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Iliotibial (IT) band syndrome is appropriately also known as runner’s knee. Although runners aren’t exclusively affected, they are by far the most susceptible group.

If you have IT band syndrome, you will probably feel a stabbing pain or burning sensation on the outside of your knee during physical activity. This won’t usually occur at the beginning of physical activity, but rather in the middle.

You have two IT bands, one stretching across the outer side of each leg. Each begins about half way up the outside of the thigh, almost as high as the hip, runs down over the outside of the knee and attaches at the top of the tibia (shinbone). As you bend and straighten your leg, the IT band slides over a bony bump on the outer portion of the knee called the lateral femoral epicondyle.

As you frequently bend and straighten your knee during physical activity, your IT band slides up and down more often over the lateral femoral epicondyle, similar to how a mountain climber’s rope slides over rocks as he or she moves left or right. This causes lots of friction on the IT band, similar to the friction on the climber’s rope. Over time, the friction can cause inflammation of the IT band and the pain associated with IT band syndrome.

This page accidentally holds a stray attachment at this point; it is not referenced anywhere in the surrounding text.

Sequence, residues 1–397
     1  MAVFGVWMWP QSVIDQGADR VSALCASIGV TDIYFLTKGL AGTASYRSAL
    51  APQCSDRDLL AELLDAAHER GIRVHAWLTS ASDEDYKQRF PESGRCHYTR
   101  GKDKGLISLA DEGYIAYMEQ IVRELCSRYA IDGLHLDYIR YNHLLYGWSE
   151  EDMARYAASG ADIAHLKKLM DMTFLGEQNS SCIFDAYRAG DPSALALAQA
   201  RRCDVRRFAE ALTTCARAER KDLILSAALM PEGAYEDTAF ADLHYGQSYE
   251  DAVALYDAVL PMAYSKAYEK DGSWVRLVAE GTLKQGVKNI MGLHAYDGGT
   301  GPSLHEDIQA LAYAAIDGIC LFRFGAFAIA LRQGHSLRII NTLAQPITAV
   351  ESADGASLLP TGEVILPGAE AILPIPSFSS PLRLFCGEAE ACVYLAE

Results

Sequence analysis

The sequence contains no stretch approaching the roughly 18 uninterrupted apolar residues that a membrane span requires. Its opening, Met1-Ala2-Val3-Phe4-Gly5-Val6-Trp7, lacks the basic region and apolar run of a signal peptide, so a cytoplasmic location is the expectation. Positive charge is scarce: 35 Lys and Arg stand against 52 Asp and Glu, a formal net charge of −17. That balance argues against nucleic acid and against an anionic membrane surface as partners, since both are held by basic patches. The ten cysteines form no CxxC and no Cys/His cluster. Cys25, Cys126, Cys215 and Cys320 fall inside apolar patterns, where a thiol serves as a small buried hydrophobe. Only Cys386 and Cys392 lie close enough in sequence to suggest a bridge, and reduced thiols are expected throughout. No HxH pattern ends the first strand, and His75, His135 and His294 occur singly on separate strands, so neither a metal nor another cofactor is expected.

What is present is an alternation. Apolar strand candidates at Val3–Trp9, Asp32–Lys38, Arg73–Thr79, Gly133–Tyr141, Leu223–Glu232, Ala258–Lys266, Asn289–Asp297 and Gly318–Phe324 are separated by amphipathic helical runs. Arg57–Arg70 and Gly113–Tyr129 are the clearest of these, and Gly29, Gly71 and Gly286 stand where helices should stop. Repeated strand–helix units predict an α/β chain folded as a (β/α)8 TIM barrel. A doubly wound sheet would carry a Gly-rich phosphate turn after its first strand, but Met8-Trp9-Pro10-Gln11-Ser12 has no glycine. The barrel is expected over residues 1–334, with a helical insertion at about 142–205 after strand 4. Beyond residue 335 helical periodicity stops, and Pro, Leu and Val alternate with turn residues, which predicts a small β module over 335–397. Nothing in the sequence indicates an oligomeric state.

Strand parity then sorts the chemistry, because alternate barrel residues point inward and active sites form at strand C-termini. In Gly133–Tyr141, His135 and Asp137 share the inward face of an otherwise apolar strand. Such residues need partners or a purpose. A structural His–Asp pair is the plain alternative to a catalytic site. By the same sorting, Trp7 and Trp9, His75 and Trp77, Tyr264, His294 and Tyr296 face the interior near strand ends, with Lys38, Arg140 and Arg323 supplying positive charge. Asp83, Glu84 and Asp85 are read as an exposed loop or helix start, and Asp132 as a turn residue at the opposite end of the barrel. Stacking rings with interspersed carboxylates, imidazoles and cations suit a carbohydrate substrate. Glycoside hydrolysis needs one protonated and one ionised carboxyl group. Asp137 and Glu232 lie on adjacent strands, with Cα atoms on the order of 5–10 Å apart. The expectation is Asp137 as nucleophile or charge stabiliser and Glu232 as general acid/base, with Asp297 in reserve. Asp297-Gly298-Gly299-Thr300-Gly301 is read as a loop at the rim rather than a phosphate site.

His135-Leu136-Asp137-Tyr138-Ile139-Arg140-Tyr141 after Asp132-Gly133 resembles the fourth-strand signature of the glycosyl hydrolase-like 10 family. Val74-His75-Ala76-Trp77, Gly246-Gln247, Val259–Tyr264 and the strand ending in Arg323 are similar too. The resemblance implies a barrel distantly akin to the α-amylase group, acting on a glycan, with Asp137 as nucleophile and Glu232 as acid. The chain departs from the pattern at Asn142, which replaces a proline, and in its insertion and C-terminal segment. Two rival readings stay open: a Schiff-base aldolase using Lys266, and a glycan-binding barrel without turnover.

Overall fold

That’s why runners, particularly those who cover more than 12 miles (19 kilometers) a week for several months in a row, commonly experience the condition. Besides distance, running downhill is another contributing factor as it increases pressure on the knees. People who have poor foot mechanics while running are also at a greater risk of IT band syndrome, as conditions like over-pronation (excessive inward rolling of the foot) place more stress on the knees.

Not all runners will develop the condition, however, and some people who never run might. Activities that involve rigorous knee movements, like cycling and ballet, as well as a dramatic increase in physical activity can also cause the condition. Studies show that a number of other variables, including improper footwear, structural or functional problems in the legs and feet and duration of activity are also a factor.

If you have IT band syndrome, your healthcare practitioner can help reduce your pain and inflammation. He or she can also use a number of tools and techniques to help you return to activity and can recommend steps to help you prevent the condition from returning. One of those recommendations might be to reduce participation in knee-intensive activities, and until the condition heals you should probably avoid such activities entirely.